What is the difference between Low pressure UV and Medium Pressure UV lamps?
Both low pressure and medium pressure UV systems exploit the power of UV radiation. However, there is a huge difference in their technology and effects they have on the treated water. In this article we aim to explain why UV is not always the same UV and also why it is crucial to distinguish these two technologies. As producers of both technologies, low pressure and medium pressure UVs, we can provide an independent view.
To find out how the UV light works and also for other basic information about UV for water treatment, see our previous article: HOW UV LAMP WORKS? LOW PRESSURE AND MEDIUM PRESSURE UV
Both low pressure and medium pressure UV target the DNA of microorganisms. When the UV gets to the DNA it basically cuts it into pieces and the genetic information is rearranged. As a result, the cell is not able to reproduce and thus, is considered dead (unable to multiply to infectious amount).
The basic difference between low pressure and medium pressure UV is the UV radiation they emit. Simply put, UV radiation has some wavelengths it consists of and the broader the spectrum of wavelengths is, the more effective the UV disinfection. It is because each organism or substance is destroyed and decomposed by a certain wavelength.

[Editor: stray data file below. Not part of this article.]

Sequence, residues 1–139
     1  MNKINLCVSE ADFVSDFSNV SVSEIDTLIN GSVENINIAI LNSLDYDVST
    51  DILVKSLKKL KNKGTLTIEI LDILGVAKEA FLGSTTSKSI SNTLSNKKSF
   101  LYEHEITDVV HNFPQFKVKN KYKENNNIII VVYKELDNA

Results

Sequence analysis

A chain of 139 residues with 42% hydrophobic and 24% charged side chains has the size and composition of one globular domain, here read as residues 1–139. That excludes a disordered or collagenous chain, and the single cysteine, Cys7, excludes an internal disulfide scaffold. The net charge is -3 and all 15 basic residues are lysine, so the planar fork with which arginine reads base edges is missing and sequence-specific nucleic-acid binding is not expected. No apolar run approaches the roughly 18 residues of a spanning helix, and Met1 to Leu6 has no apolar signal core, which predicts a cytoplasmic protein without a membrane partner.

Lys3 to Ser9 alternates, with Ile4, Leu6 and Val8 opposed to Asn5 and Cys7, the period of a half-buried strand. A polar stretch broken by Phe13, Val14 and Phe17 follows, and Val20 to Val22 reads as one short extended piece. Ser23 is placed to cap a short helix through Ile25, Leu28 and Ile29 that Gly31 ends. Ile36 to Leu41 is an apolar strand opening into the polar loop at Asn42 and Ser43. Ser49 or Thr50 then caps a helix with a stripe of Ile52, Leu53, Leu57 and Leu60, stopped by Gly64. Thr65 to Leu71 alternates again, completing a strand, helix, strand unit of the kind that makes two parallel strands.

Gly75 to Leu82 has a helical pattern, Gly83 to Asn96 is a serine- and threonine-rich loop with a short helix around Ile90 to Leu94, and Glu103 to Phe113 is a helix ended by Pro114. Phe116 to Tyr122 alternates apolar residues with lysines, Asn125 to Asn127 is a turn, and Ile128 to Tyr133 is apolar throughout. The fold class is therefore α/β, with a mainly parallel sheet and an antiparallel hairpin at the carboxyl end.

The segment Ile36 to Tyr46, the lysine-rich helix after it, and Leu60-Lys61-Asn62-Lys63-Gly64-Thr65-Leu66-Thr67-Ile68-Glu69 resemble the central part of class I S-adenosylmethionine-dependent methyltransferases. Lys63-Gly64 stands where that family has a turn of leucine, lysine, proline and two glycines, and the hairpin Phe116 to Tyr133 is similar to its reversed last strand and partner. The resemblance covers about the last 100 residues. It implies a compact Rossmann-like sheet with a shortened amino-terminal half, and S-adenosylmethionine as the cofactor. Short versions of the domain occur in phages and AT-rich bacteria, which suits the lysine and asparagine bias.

Low pressure lamps emit a single wavelength at 254 nm whereas medium pressure UVs emit a broad spectrum of wavelengths all over the germicidal UV areas – from 200 to 600 nm. You can see the wavelength spectrum in the graph below. The blue line represents low pressure UV and the purple line represents medium pressure UV.
In the graph, you can also see the wavelengths at which chloramines are eliminated. Chloramines are an issue in pool and Jacuzzi water. But not all chloramines are bad. Trichloramines, main part of bound chlorine (sometimes called combined chlorine) are what needs to be eliminated. They are the source of the typical chlorine pool smell, asthma, eye redness, allergies, skin iritation or drying. And as the graph suggests, trichloramines can only be eliminated by medium pressure UV systems.
It works similarily with other microorganisms and particles in water. Medium pressure UVs remove what low pressure UV does plus much more.
So why are Medium pressure UV systems better than Low pressure UVs?
- More disinfection per square cm than low pressure UVL
- Use much less UV energy than low pressure systems in virus inactivation – Adenovirus requires half the dose than with low pressure systems
- Permanent disinfection of treated water as UVM prevents reactivation of bacteria and UVL does not – there is no risk that your product will not be compromised by bacteria later on1
- Easily inactivates microorganisms resistant to other disinfection methods such as chlorine, heat or low-pressure UV
- Water disinfection and removal of bound chlorine from pool water at the same time2
- Removal of much larger range of chemicals and particles from water
- Works effectively in both cold and warm water – unlike low pressure UV
- Fewer UV lamps needed – 60 low pressure UV lamps might be in somea cases replaced by 3 medium pressure UV lamps